Cataract Surgery

Cataract Treatment

Cataract surgery has become the most common outpatient surgery performed. Our modern cataract procedures make use of state-of-the-art, high-tech equipment and techniques.

Today's cataract surgery is an outpatient procedure that takes a half-hour or less. Best of all, you'll be back to your normal activity level within a few days. Cataract surgery has made major advancements over the past few years. Before your procedure, a few numbing drops will be placed in your eye, which eliminates the risks and discomfort that is caused by the previously used shot behind the eye. This also helps avoid blurry or impaired vision.

Cataract Symptoms

  • Cloudy, blurry, fuzzy, foggy or filmy vision
  • A noticeable cloudiness in the pupil
  • Increased glare from lights eg: from headlights when driving at night
  • A decrease in distance vision but an improvement in near vision.
  • Double vision (diplopia)
  • Frequent changes in eye prescriptions
  • Impairment of colour vision
  • Poor vision in sunlight.

Cataract Treatment

The symptoms of early cataracts may be improved with new prescription glasses, better lighting or effective sunglasses. Once cataracts progress surgery is the only effective treatment.

Surgery is usually recommended in cases where cataracts cause impairment of vision to such an extent that daily activities are affected. Surgery may not be recommended if there are other pre-existing medical conditions, including eye conditions such as glaucoma, which may affect the success of the cataract surgery.

Cataract surgery involves removing the cataract-damaged lens and replacing it with a clear plastic lens known as an intraocular lens (IOL). The eye is carefully measured prior to surgery so that the appropriate sized intraocular lens can be selected. The aim of surgery is to restore vision (particularly distance vision) as much as possible.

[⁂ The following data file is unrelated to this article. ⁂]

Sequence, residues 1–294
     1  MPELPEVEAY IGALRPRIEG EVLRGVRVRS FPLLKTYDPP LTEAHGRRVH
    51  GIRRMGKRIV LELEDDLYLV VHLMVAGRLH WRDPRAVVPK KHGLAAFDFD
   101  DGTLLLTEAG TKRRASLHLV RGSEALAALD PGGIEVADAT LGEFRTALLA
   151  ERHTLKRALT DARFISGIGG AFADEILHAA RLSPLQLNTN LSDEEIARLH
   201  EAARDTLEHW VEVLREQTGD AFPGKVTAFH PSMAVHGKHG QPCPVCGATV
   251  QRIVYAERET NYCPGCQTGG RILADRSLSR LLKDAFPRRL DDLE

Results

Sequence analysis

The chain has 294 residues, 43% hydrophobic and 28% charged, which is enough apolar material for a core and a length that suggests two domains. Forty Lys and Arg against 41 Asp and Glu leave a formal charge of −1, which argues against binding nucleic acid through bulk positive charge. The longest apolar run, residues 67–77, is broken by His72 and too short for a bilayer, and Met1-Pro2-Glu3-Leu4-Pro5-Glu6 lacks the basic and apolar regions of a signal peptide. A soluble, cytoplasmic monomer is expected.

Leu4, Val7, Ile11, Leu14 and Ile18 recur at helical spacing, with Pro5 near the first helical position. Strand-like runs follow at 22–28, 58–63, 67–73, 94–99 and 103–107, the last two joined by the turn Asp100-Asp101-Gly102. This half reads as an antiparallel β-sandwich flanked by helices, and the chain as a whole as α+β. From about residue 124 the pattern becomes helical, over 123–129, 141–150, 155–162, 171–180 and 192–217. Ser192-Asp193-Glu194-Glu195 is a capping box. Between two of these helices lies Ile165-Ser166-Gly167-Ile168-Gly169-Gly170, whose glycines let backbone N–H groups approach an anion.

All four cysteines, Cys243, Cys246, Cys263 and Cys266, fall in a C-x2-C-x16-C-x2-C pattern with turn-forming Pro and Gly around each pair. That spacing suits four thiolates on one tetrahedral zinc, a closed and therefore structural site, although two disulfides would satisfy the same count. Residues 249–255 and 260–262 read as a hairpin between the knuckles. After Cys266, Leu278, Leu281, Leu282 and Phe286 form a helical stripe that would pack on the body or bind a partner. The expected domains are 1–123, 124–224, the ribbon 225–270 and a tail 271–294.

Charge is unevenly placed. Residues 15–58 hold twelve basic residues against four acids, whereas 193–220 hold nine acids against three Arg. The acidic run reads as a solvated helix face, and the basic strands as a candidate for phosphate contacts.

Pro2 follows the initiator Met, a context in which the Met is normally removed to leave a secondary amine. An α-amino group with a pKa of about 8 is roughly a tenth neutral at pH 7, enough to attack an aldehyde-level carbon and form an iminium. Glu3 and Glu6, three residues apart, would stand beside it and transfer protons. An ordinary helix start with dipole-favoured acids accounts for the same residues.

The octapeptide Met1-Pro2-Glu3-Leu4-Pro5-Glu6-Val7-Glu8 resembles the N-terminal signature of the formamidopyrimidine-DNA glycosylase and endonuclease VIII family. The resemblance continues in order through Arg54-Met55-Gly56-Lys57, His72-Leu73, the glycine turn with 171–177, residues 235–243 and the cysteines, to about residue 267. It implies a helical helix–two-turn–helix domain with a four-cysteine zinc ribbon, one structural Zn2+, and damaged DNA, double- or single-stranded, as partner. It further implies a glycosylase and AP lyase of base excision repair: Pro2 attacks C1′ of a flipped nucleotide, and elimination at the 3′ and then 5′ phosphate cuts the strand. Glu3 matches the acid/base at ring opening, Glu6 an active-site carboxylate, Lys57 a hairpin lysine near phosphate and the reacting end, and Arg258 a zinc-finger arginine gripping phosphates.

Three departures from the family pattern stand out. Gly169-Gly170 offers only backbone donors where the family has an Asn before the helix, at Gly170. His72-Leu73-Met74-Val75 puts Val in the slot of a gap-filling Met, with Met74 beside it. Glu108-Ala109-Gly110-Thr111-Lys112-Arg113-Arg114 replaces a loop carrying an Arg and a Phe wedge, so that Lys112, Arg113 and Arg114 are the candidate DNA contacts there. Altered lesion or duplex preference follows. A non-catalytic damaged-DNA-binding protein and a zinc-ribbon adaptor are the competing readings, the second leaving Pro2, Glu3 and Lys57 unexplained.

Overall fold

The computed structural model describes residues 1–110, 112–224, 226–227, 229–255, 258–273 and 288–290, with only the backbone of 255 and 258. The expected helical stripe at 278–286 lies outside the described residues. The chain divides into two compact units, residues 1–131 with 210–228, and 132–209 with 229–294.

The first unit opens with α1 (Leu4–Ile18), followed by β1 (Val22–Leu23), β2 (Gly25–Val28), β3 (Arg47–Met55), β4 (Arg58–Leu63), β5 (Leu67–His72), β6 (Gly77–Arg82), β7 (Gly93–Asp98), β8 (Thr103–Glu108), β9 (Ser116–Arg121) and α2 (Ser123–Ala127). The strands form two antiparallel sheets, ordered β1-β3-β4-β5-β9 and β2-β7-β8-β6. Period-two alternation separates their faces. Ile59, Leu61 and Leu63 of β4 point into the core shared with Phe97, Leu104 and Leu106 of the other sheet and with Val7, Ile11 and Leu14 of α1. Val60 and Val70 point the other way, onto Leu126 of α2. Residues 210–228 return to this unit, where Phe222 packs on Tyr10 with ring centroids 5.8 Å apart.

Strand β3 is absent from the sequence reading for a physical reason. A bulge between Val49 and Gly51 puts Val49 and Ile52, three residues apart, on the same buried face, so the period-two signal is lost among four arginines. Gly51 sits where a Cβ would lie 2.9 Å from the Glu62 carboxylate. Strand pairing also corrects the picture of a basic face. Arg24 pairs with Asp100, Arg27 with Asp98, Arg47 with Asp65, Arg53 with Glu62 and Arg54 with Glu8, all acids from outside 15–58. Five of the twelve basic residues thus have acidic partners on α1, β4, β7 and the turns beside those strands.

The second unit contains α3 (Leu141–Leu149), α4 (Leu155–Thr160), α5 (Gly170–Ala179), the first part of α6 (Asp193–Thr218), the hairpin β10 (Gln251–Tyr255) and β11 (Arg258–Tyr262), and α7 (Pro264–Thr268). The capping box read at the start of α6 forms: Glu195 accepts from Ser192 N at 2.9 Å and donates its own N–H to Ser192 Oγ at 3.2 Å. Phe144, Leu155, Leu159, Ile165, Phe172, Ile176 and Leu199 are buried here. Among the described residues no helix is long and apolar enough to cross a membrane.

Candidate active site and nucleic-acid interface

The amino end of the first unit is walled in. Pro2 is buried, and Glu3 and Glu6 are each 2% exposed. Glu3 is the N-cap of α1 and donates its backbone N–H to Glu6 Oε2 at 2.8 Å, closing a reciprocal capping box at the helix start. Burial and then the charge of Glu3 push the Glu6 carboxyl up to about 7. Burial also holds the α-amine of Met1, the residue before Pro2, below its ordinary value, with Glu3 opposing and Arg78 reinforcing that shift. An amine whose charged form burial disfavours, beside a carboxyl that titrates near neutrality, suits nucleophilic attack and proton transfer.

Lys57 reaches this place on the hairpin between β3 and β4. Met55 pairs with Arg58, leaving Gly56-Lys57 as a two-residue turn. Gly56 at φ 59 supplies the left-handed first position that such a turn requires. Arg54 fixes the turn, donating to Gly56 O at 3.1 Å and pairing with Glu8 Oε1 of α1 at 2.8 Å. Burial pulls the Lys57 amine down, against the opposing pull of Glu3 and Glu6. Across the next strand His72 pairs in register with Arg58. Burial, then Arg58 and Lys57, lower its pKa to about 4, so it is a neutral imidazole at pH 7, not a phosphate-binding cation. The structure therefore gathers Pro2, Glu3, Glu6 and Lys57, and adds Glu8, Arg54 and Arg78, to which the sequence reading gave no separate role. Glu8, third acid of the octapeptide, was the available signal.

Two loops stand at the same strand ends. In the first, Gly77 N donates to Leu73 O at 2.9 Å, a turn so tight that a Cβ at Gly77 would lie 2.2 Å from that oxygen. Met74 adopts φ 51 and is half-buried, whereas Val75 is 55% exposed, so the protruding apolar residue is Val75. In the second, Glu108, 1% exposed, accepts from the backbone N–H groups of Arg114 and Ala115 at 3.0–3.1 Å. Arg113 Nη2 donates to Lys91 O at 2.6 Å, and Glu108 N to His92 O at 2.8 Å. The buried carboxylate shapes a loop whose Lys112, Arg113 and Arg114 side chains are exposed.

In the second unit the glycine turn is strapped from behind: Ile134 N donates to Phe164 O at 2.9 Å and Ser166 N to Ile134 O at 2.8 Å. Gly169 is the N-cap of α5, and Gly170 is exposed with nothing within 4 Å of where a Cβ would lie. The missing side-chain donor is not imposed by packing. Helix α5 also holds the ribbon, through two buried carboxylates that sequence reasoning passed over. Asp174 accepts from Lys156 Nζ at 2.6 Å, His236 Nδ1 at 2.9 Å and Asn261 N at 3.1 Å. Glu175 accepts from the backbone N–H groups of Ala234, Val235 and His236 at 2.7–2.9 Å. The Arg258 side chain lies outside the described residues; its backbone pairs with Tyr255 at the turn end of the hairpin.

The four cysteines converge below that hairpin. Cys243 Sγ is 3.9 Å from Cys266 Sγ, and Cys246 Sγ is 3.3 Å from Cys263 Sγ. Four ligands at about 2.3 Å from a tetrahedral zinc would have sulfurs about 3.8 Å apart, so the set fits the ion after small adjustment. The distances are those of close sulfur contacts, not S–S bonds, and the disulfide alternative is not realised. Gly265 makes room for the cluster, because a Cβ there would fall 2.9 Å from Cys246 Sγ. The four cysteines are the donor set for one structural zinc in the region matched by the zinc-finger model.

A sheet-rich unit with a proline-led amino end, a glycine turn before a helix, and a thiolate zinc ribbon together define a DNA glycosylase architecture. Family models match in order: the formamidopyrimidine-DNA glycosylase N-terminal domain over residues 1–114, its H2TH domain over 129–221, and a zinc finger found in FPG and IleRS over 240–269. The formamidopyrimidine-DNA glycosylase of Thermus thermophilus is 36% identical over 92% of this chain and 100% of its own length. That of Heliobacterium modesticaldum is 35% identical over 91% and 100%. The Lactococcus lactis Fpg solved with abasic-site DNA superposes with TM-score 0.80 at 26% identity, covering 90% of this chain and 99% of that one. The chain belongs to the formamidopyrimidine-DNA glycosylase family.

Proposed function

Cataract surgery is most commonly performed as a day stay procedure and is usually carried out under a local anaesthetic with a light sedation. Anaesthetic eye drops or gel may be used. In rare cases a general anaesthetic may be recommended.

Surgery involves making a small incision in the front of the eye, through which the old lens is removed and a new intraocular lens is inserted. There are two main techniques for the surgical treatment of cataracts:

Phacoemulsification Surgery

A 2mm incision is made in the front of the eye and the lens is broken into tiny pieces by a special machine that emits sound waves. The lens is then suctioned out of the eye capsule. In this procedure the back half of the lens capsule (posterior capsule) is left in place to support the new intraocular lens. The much smaller incision required for this technique has the advantage of a reduced healing time. It is the technique most commonly used in the world.